JENNY BROCKIE: But that's if they end up - I'm sorry to be talking about your relationship as though it's going to break up and we certainly hope it doesn't - but that's in the event that there's a dispute here. I mean, if they separate amicably and they agree to go their separate ways that would be one thing. But you're saying if something went wrong in that arrangement and one or other of them decided that they were going to go after the assets, they would be entitled to do that?
PATRICK PARKINSON: Yes. May I wish them every happiness, for better or for worse till death do part. But these things, people do change, things do go wrong and what can be an amicable relationship after years becomes a bitter one. And it only requires one person to make a claim.
JENNY BROCKIE: Well, what do people think about that who are in de facto relationships? I know you're just married, Monica, but you had your hand up, what did you want to say?
MONICA DUX: I think it's interesting, because I think the language of the way that we talk about marriage and de factos, we talk about the de facto relationship as like the training wheels marriage and the marriage as - there it is. And the fact that, you know, so many marriages end in divorce, the fact that people don't need to actually get married to have a meaningful relationship is kind of forgotten in this. I think we see de facto and marriages as definitive’s and they're not, you know, getting married is not going to give you a good relationship. Having a de facto relationship may not give you a good relationship, it may give you a great relationship, and I think we've got to separate the issues. I think legal protection is one thing, but if you're in a relationship you have to judge the relationship on its merits and whether you have a marriage certificate or whether you have your de facto...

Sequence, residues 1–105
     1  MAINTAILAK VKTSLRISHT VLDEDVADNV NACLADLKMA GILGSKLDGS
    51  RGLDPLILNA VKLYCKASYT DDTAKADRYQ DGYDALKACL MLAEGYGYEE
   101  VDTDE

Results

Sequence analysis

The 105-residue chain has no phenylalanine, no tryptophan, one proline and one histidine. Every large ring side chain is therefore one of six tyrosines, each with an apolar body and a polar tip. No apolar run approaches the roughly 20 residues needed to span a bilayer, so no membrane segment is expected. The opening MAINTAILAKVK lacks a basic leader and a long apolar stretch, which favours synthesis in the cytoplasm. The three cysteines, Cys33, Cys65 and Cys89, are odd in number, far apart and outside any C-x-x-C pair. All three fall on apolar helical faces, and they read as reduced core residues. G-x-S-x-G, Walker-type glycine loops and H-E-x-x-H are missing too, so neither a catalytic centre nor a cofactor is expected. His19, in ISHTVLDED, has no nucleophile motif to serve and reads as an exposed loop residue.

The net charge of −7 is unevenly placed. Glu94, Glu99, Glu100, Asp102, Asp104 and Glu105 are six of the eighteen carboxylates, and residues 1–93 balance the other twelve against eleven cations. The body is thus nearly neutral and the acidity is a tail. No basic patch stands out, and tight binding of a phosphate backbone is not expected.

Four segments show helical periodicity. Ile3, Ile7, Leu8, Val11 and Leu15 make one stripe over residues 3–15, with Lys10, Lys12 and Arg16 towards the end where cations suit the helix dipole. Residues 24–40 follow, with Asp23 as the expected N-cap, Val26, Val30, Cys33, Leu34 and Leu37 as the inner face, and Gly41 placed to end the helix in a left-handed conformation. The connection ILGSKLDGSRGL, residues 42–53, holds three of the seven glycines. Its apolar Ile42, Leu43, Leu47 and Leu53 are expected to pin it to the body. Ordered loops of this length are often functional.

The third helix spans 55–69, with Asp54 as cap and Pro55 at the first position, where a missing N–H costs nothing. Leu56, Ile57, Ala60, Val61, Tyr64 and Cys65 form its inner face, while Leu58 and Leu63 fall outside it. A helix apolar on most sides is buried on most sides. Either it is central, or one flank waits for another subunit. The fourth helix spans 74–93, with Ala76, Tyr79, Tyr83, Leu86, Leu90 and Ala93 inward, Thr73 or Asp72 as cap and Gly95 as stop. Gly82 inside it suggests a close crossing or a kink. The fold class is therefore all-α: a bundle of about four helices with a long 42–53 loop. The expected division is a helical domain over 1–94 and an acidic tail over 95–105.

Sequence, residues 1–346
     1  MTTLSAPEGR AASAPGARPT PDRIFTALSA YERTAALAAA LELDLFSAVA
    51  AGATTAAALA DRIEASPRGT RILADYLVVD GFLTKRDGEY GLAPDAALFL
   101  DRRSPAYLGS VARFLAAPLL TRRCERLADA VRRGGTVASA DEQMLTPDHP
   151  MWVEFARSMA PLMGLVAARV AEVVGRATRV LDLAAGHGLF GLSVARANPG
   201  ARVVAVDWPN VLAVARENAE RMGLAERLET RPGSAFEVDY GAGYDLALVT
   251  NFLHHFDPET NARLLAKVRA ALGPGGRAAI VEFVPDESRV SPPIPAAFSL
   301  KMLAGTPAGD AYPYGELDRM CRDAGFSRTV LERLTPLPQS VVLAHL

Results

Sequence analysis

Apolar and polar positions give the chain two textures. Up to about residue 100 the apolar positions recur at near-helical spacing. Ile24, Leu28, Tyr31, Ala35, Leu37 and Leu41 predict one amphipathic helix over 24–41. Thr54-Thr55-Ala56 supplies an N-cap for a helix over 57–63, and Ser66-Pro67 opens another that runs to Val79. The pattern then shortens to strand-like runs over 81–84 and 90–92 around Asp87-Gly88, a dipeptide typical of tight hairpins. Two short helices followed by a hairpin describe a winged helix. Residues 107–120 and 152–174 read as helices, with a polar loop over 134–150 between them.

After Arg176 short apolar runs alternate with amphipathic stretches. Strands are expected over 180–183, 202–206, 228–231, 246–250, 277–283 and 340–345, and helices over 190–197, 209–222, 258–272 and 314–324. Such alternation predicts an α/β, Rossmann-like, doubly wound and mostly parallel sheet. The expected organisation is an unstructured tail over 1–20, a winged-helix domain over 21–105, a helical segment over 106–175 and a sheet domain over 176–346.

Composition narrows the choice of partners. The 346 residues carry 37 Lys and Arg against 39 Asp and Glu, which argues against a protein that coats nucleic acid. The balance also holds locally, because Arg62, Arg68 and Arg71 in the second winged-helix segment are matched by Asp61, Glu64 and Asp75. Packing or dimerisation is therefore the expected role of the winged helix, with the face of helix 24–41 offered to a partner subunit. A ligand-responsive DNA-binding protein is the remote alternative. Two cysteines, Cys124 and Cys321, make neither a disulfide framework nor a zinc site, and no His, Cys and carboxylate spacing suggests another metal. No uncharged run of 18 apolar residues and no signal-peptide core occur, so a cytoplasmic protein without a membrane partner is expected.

JENNY BROCKIE: OK, Amanda and Matthew, I'd like to bring you in here because you've been living together for 3.5 years. You own the house that you both live in now. Have you thought about what would happen if you broke up, to that house, given that you're in a de facto relationship?
AMANDA BENNETTS: Not really, to be honest.
MATTHEW TALLENT: Probably have to finish renovating it first.
JENNY BROCKIE: That might keep you together. It might also break you up, actually. How would you be off financially then, given what you're hearing here about the law changing? I mean, are you aware of these changes to the law and how they might impact on you?
AMANDA BENNETTS: No, no, I wasn't aware of them at all but I think on the first question, we got into the house 50/50, we'd probably split the debt 50/50 if we had to sell it, because we wouldn't make any money on it.
JENNY BROCKIE: And could you imagine a situation where your future needs were taken into account in some kind of settlement relative to your incomes? So if one of you earns a lot less than the other one that they might come into play as well?
AMANDA BENNETTS: Yes, slightly. Pretty much the whole time we've been together I've always earnt more than Matthew and I've also come into the relationship owning property, I own another property. And pretty much we're just in debt more than anything. There's no money there.
JENNY BROCKIE: So do you see the difference between being in a de facto relationship and being married in terms of those kinds of things?
AMANDA BENNETTS: Definitely. I was previously married and when I got divorced, it was, as all divorces are, terrible and hard and difficult and the financial side made a big impact. I'm more worried about that side because I've had to go through that struggle before.